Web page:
5 55 75 104 100 94 7. Explosions-Schutz: Grundlagen und Anwendung (New York: Springer-Verlag.1 7.0 7.6 6.4 8. the pressure front takes longer to propagate through a larger vessel. as follows: .8 7.0 6.4 8.4 6.05 5.. These St classes are shown in Table 6-8.7 7." in 31st Loss Prevention Symposium (New York: American Institute of Chemical Engineers. depending on the value of the deflagration index.8 7.6 5. A. "KG:Data and Analysis.65 7. J. It is postulated that the KG values are sensitive to experimental configuration and conditions. such as a building or a vessel.5 7. 1997) W.0 92 7. Beaulieu. Senecal and P. Bartknecht.4 7. 1993). MA: National Fire Protection Association.. Venting ofDeflagrations (Quincy.4 106 96 550 78 8.0 6.2 171 638 67 46 94 7. A.8 7.8 7. P.9 7.9 NFPA 68 (1997) 109 10 92 105 115 106 78 94 659 45 64 5 104 96 8.9 7. 1997). respectively.8 7.260 Chapter 6 Fires and Explosions Table 6-7 Maximum Pressures and Deflagration Indexes for a Number of Gases and Vapors1 Maximum pressure Pmax g) (bar Senecal and Bartknecht Beaulieu (1993) (1998) Deflagration index KG(bar-m Is) Senecal and Bartknecht Beaulieu (1993) (1998) Chemical Acetylene Ammonia Butane Carbon disulfide Diethyl ether Ethane Ethyl alcohol Ethyl benzene Ethylene Hydrogen Hydrogen sulfide Isobutane Methane Methyl alcohol Methylene chloride Pentane Propane Toluene lData selected from: NFPA 68 (1997) 10.4 6. Equations 6-18 and 6-19 are used to estimate the consequences of an explosion in a confined space.2 76 NFPA 68. Table 6-7 shows that good agreement is found between different investigations for the maximum pressure but that only limited agreement is found for the KG values. and KG and Kst data for vapors and dusts are shown in Tables 6-7 and 6-8. Dusts are further classified into four classes.0 6.1 7.

2 8.9 10. resins.5 6.7 8.3 8.2 9.1 7.8 9.3 6.4 7.1 7.4 8. Ks. wood. auxiliary materials Adipinic acid Naphthalene Salicylic acid Median Minimum particle explosive dust size concentration P.0 5.4 - 112 90 57 - 8.3 - - 250 100 7 - 5.6-13 Explosions 261 Table 6-8 St Classes for Dusts and Combustion Data for Dust Clouds - Deflagration index. (~m) (g/m3) (bar g) 44 51 33 80 <10 80 200 400 80 165 - Kst (bar-rn Is) 24 66 18 18 27 - Minimum ignition energy (mJ) 100 60 - 7.4 7. rubber Polyacrylamide Polyester Polyethylene Polyethylene Polypropylene Polypropylene Polystyrene (copolymer) Polystyrene (hard foam) Polyurethane Intermediate products. coal products Activated carbon Bituminous coal Plastics.5 - 97 178 - - <1 - (continued) ..4 - 60 125 - - 180 >4000 - 50 10 18 <lo 10 <lo 72 280 25 162 155 760 3 60 60 60 60 60 - 9.8 75 44 55 12 194 67 20 101 38 110 23 156 75 >lo0 540 14 - 250 - - 30 200 30 - - <30 <10 95 - 60 15 30 8..(bar rn 1s) 0 1-200 200 -300 >300 St class St-0 St-1 St-2 St-3 Dust Cotton. food Dextrose Fructose Fructose Wheat grain dust Milk powder Rice flour Wheat flour Milk sugar Coal.3 8.7 4.0 8. peat Cotton Cellulose Wood dust Wood dust Paper dust Feed.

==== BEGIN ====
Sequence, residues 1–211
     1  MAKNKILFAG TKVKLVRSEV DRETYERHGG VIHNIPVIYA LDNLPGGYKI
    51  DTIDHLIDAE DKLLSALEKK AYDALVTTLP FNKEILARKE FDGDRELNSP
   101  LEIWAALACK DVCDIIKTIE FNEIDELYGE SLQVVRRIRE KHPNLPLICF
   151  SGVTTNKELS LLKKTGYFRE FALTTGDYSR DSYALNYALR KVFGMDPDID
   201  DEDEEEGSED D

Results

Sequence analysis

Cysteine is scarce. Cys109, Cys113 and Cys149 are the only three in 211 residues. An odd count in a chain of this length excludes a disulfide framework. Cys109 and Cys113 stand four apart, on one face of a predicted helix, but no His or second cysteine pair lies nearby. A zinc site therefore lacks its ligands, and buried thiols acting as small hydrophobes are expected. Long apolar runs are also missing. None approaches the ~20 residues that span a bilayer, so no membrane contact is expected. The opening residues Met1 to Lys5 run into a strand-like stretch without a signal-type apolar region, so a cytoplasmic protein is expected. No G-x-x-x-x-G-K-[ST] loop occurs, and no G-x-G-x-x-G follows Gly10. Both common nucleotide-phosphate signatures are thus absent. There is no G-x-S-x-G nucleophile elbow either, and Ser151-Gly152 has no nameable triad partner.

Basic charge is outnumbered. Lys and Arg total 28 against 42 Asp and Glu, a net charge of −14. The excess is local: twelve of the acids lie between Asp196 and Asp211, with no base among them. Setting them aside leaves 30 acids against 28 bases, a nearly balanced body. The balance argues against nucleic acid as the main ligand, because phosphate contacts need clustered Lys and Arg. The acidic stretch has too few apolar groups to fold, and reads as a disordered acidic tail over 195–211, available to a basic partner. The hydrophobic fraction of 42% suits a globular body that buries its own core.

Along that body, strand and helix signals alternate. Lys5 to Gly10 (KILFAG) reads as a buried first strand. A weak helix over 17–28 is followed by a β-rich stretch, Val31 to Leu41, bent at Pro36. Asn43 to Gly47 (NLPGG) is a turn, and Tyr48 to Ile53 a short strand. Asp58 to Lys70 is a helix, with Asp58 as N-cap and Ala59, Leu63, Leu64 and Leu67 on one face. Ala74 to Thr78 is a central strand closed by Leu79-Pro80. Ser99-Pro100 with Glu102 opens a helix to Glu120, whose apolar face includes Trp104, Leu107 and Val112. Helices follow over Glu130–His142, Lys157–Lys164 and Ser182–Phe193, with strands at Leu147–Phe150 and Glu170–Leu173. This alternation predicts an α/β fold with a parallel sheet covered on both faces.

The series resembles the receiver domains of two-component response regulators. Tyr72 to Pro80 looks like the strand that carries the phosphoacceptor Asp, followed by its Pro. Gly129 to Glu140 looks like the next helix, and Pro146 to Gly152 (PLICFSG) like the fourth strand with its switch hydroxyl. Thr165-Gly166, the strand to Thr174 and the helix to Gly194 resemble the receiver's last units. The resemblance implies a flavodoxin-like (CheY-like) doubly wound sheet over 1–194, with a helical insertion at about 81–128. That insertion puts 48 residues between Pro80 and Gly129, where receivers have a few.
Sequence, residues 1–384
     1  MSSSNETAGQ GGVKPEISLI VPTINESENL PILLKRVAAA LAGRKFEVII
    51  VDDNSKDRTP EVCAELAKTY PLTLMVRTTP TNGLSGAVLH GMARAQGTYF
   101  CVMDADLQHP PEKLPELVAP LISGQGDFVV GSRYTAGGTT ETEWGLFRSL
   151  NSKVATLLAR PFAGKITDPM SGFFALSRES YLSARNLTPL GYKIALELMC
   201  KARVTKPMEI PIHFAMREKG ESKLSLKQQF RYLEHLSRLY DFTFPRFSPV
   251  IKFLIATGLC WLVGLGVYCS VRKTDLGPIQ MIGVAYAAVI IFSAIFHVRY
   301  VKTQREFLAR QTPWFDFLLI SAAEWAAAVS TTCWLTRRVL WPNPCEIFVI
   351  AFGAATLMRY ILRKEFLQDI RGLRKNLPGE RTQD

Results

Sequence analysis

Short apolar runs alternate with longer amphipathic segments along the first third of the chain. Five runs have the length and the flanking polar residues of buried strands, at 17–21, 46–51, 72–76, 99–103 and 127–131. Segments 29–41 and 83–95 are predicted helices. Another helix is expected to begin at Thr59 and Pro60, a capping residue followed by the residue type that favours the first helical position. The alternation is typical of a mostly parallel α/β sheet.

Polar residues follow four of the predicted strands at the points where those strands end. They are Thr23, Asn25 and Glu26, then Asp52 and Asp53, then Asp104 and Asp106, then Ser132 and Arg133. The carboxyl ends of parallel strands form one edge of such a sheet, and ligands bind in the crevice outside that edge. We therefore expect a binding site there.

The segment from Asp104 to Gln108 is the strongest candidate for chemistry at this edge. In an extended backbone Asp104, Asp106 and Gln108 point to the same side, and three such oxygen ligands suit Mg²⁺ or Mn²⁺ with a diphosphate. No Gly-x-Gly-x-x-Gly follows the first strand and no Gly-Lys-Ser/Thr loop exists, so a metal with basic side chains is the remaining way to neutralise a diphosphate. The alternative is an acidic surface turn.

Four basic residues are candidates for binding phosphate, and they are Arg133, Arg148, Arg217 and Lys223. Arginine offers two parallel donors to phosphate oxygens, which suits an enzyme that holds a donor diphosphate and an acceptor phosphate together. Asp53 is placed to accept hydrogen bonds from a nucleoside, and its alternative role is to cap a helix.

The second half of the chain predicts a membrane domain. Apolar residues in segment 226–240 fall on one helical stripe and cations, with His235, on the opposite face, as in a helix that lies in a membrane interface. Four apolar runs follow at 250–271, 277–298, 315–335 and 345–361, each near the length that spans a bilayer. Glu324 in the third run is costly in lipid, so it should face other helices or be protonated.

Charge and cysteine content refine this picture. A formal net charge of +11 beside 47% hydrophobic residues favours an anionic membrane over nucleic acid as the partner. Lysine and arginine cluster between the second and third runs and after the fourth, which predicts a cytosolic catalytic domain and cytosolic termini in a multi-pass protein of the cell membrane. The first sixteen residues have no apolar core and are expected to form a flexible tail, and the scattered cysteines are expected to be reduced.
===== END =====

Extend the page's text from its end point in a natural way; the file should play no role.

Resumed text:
are not physical properties of the material because they are dependent on (1)the composition of the mixture. The constants KG and Ks. Equation 6-20 allows the experimental results from the dust and vapor explosion apparatus to be applied to determining the explosive behavior of materials in buildings and process vessels.. (2) the mixing within the vessel. Eckoff.5 4.Chapter 6 Fires and Explosions Table 6-8 (continued) Median Minimum particle explosive dust size concentration P. The dust particles can be either an unwanted by-product or the product itself. The subscript "in vessel" is for the reactor or building. (3) the shape of the reaction vessel.5% C) Sulfur Toner (bar-mIs) <lo <lo 52 <10 22 18 12 28 240 <lo <10 7 20 <lo - 50 60 60 30 750 500 30 500 125 250 <30 30 60 9.5 7. The spikes in the curves indicate a detonation.2 6. a point is reached where the deflagration turns into a detonation. As the initial pressure is increased. .0 10.2 11.7 5.9 73 249 237 515 110 31 50 508 12 126 125 71 151 196 - - - - 54 - - 4 'Data selected from R.2 9..0 11.1 5.8 11. The subscript "experimental" applies to data determined in the laboratory using either the vapor or dust explosion apparatus. It is therefore necessary to run the experiments as close as possible to the actual conditions under consideration. Dust explosions demonstrate unique behavior.8 8. (~m) (g/m3) (bar g) Minimum ignition energy (mJ) Kst Dust Other technical.9 6. Experimental studies indicate that the maximum explosion pressure is usually not affected by changes in volume. and (4) the energy of the ignition source. K. Dust Explosions in the Process Industries (Oxford: Butterworth-Heinemann. These explosions occur if finely divided particles of solid material are dispersed in air and ignited. and the maximum pressure and the maximum pressure rate are linearly dependent on the initial pressure. This is shown in Figure 6-20. 1997). This is discussed in more detail in chapter 9. chemical products Organic dyestuff (blue) Organic dyestuff (red) Organic dyestuff (red) Metals. alloys Aluminum powder Aluminum powder Bronze powder Iron (from dry filter) Magnesium Magnesium Silicon Zinc (dust from collector) Other inorganic products Graphite (99.2 17. as shown in Figure 6-21.